21. Hose Supporters.—The hose supporters attached to corsets mean much to a woman's figure, too.   It would seem that their sole purpose is to hold up the hose, when, in reality, they are most needed to hold the corset down, in order to avoid the formation of a ridge at the lower edge. Three pair of supporters are necessary to every corset—one supporter at each side of the front, one at each side, and one at the side back of each side, making six supporters in all. For women who are very stout or have full-hip figures, eight supporters are sometimes used. Although gh the of the supporters is to hold corsets down well, they must not be buckled up

so short to the hose as to stop the circulation of the wearer's blood. In many cases, tight corset supporters are the cause of achy limbs without women being aware of it. As the aim in wearing corsets is to et the greatest possible comfort, the way in which the supporters are ad justed should be given considerable attention.

22. Bust Ruffles.—-Sometimes the wearing of bust ruffles, or ruffles across the front, makes the outer garments of the small or the slender woman appear to excellent advantage, especiallY if the garments are close fitting. A woman who has a bust measure that is very small in proportion to her other her measurements should wear a set of ruffles similar to those shown in Fig. 2.   Such ruffles require very little time to make, as they can be made entirely with the sewing machine, and since they may be easily adjusted and may be washed with other garments, every woman whose appearance would be improved by them should take the necessary time to make them.

23. To make bust ruffles, proceed as follows:   First, cut a piece of lawn or light-weight muslin 4 in. narrower than the chest measure plus the seams and long enough to extend from the waist line to 3 in. above the lower   in., lower end of the breastbone,   1 in., for finish at the top and the bottom.   Fold the piece through the center lengthwise, measure down 2 in. at the center front, and taper off to the ends so that the upper part will form a V, as shown in Fig. 2.   Next cut 3 yd. of bias tuffle 3 in, wide and sew the strips together; then turn a narrow hem on one edge or, better, use the narrowest machine hemmer.   If desired an inexpensive lace may be sewed to the edge of the ruffle at the same time as the hem is stitched. Gather the ruffle its entire e length next, using the machine gatherer, cut it into three equal lengths, and place these lengths 2 in. apart, beginning at the to of the foundation piece, as shown. Cover the raw edges of the two lower ruffles with bias tape, stitching it in position on both edges. Next, bind the two sides and theupper edge with the bias tape or strip, which, if possible, should be a little wider than that used in sewing the lower ruffles on. Finally, turn a hem that, when finished, will be in. wide at the lower edge of the foundation, and thus form a casing through which to run elastic or tape. If elastic is used, cut it about 3 in. shorter than the waist measure turn a narrow hem at each end and sew a hook on the right-hand side and an eye on the left, so that it may be fastened readily. The elastic or the tape tends to hold down at the waist line the foundation to which the ruffles are sewed, thus avoiding any danger of its slipping up too high; each corner of the upper edge of the foundation may be pinned to the undervest. If only a little fulness is desired across the front the ruffles may be made narrower and not so full.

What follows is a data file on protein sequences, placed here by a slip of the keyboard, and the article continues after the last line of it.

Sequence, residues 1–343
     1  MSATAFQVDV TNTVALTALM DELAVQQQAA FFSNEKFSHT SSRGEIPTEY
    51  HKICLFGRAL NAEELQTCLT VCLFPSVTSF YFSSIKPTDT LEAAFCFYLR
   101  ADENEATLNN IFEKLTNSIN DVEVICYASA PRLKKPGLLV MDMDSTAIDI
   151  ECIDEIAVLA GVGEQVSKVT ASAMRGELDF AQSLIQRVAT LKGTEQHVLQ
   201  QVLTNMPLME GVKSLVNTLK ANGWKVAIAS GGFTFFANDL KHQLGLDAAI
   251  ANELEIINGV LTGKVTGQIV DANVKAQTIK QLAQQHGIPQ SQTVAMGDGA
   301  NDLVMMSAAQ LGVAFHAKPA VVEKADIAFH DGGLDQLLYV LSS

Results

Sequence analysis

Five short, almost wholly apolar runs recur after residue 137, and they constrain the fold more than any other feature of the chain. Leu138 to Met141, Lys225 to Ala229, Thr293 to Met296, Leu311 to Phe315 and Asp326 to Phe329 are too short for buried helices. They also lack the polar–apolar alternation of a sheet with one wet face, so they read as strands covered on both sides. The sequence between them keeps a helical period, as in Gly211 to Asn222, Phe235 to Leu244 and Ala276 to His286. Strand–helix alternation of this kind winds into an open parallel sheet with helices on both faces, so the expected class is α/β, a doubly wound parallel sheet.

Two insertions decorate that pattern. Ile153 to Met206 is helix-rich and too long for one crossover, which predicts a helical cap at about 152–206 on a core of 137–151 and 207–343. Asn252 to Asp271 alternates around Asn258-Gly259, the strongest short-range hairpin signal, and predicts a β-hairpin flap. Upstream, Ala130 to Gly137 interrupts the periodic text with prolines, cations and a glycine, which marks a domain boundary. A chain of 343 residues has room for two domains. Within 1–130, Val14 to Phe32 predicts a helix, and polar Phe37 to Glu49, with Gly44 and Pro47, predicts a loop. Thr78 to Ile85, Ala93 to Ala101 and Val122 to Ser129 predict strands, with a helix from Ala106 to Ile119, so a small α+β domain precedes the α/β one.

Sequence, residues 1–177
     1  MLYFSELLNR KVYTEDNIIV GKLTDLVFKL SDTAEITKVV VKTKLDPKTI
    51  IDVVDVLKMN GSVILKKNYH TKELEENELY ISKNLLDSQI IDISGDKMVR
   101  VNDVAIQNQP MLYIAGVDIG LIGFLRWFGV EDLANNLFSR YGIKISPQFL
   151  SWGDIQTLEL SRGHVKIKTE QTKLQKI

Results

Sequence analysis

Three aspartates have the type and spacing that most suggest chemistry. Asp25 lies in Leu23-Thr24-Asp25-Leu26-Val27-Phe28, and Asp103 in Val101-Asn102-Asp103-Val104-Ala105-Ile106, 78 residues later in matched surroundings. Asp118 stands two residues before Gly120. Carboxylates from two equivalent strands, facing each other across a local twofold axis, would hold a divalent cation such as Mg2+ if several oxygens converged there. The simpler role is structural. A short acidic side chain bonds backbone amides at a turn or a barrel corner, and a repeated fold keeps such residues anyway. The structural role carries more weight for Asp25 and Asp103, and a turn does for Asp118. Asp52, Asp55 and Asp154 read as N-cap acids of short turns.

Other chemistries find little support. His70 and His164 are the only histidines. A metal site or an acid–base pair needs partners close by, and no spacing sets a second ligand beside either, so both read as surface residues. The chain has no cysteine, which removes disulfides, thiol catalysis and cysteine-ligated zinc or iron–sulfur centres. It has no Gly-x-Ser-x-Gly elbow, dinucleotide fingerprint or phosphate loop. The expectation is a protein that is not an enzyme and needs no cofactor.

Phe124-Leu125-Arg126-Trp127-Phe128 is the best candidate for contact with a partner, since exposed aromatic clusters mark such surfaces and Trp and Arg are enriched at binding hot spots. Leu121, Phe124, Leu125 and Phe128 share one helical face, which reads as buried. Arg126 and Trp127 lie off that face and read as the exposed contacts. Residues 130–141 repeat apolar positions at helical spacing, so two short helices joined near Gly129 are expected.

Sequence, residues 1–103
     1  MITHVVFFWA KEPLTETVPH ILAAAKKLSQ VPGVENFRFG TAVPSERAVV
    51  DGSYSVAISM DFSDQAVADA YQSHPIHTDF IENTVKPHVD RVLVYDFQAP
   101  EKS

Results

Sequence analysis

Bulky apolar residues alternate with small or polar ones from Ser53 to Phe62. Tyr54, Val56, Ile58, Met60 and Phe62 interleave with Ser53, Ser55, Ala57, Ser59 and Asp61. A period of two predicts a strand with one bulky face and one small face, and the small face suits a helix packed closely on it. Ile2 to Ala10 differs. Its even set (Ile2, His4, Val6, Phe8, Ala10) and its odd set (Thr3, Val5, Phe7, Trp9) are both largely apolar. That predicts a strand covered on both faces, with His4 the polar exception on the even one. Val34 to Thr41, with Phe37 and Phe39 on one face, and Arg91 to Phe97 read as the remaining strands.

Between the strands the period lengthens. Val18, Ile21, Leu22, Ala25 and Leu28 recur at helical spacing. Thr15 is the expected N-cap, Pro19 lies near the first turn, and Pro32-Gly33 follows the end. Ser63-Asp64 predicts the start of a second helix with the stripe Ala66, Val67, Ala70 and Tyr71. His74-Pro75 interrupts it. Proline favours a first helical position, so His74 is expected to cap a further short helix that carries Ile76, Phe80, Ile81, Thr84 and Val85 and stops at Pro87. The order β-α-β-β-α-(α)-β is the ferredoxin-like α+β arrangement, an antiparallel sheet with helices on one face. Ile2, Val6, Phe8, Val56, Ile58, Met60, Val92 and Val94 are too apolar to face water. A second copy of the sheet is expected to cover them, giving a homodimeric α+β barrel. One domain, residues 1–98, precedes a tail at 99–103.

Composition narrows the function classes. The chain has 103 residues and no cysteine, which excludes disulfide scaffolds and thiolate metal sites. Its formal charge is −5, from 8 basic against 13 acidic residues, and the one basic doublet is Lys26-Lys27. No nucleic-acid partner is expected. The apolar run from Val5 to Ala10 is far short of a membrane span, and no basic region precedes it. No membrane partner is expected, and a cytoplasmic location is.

24. If ruffles such as those just ust described are used, they should be made and adjusted in position under the corset cover before measurements for a tight lining are taken. In close-fitting garments such ruffles would make considerable difference in a person's size, and, of course, in drafting, correct measurements above everything else are required.

It is well to remember, also, that when bust ruffles are once adopted they should always be worn, unless they should become passée with all of a person's garments. A good idea is to make two sets of ruffles, in order always to have one fresh and clean.

25.   Some women may insist that the making of ruffles and pads, to say nothing of care in choosing a correct corset, is good time lost and that it is an indication of vanity, which should not be encouraged; yet it is a well-known fact that a woman who gives some thought to her personal appearance gains by so doing, for when she feels safe within herself that she looks her very best in every particular she is much more able to cope with situations than if she were conscious that she is not so well dressed as she should or might be.   Then, too, it is woman's inalienable right to appear as attractive as possible at all times, and the only way in which to do this successfully is to work faithfully to overcome any defects and be frank with herself and choose the garments that are best suited to her individuality.